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Alexander Sergeevich Pushkin

Alexander Sergeevich Pushkin


May 26, 1799 - January 27, 1837

Russian poet, Alexander Pushkin was first published in the journal The Messenger of Europe in 1814. Born into a carefree nobility, he was warmly received in literary and liberal circle. In April 1820, his political poems led to his exile to the south of Russia and implication in the Decembrist Uprising of December 14, 1825. He was released from exile when Tsar Nicholas I agreed to act as the personal censor of his works.

Remembered today for his novel in verse, Eugeny Onegin (considered to be an encyclopedia of Russian life), and Boris Godunov, Puskin wrote, among other novels and lyric poems:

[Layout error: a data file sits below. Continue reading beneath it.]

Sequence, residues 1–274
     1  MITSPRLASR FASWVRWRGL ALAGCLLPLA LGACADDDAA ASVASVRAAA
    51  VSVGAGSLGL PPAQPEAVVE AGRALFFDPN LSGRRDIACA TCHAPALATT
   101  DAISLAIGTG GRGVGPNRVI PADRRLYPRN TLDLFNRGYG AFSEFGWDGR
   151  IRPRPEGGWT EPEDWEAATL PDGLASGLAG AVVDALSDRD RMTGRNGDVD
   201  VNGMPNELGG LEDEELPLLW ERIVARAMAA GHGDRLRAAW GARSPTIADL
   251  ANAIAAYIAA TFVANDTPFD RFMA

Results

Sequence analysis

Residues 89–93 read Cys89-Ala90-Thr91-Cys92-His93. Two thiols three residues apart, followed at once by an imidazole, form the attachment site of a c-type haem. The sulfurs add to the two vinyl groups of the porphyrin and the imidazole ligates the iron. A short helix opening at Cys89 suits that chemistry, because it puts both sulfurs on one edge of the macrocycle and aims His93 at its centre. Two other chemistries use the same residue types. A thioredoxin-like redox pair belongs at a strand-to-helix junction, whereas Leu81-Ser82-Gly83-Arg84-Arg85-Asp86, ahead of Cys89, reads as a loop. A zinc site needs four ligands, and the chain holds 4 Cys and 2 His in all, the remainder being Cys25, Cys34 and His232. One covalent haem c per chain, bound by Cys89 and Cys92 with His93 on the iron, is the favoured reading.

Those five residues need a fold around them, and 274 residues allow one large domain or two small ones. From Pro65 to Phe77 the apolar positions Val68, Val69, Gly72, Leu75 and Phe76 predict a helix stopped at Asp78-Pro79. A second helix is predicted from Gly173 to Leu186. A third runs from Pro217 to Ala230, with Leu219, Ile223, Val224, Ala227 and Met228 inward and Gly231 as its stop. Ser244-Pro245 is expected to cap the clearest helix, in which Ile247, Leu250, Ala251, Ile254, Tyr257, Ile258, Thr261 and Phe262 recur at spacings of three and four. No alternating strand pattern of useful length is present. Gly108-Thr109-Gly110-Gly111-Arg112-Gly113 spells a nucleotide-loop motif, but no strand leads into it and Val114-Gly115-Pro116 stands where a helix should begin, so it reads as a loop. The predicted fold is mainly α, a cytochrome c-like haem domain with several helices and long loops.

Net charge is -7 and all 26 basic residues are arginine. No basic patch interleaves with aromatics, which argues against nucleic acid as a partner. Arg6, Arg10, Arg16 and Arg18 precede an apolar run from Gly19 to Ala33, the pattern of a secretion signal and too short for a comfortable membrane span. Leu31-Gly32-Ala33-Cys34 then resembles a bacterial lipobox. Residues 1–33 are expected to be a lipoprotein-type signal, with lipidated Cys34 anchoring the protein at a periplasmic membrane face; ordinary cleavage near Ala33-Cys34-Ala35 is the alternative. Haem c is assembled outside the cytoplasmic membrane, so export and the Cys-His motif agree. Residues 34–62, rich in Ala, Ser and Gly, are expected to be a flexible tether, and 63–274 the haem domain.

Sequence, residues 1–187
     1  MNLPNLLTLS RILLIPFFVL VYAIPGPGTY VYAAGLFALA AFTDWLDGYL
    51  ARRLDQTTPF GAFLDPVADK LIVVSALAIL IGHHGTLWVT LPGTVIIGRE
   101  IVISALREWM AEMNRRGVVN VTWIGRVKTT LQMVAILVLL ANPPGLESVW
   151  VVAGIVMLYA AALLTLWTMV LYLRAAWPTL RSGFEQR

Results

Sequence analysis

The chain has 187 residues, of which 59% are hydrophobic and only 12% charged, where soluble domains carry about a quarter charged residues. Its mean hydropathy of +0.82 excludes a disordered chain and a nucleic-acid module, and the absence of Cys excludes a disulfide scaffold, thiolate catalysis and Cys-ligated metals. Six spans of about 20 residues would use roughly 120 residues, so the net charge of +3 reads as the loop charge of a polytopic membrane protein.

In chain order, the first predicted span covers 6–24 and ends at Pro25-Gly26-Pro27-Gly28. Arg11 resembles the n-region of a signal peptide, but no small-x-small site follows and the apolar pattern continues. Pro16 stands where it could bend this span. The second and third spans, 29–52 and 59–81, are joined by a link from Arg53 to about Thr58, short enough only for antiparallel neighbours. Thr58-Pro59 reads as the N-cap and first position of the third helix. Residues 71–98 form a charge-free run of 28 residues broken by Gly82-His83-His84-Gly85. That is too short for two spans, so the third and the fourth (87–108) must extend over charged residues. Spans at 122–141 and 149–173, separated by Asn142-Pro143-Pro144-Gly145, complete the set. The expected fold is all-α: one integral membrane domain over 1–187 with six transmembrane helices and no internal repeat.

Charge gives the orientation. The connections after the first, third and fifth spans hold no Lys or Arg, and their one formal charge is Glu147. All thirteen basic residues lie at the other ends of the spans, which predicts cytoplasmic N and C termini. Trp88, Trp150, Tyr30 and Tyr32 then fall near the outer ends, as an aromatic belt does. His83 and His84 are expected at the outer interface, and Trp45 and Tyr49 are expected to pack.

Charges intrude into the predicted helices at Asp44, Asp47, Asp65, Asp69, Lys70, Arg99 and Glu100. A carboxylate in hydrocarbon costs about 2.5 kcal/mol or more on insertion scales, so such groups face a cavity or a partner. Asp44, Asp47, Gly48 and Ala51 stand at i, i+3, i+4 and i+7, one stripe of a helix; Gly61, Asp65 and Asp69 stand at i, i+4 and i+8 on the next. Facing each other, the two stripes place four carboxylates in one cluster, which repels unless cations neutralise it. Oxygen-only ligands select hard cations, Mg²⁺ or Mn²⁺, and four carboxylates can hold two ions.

The Blackamoor of Peter the Great(1827)
The Tales of Belkin
The Little House in Kolomna
The Avaricious Knight
Mozart and Saliery
The Stone Guest
Feast in the Time of the Plague
The Tale of the Priest and His Workman Balda
The Devils
The Tale of the Golden Cockerel(1834)
The Captain's Daughter(1836)

In a duel with d'Anthes-Heeckeren on January 27, 1837 Pushkin was mortally wounded and died two days later on January 29.

Source: Hamill, John et al.. Freemasonry : A Celebration of the Craft. JG Press 1998.

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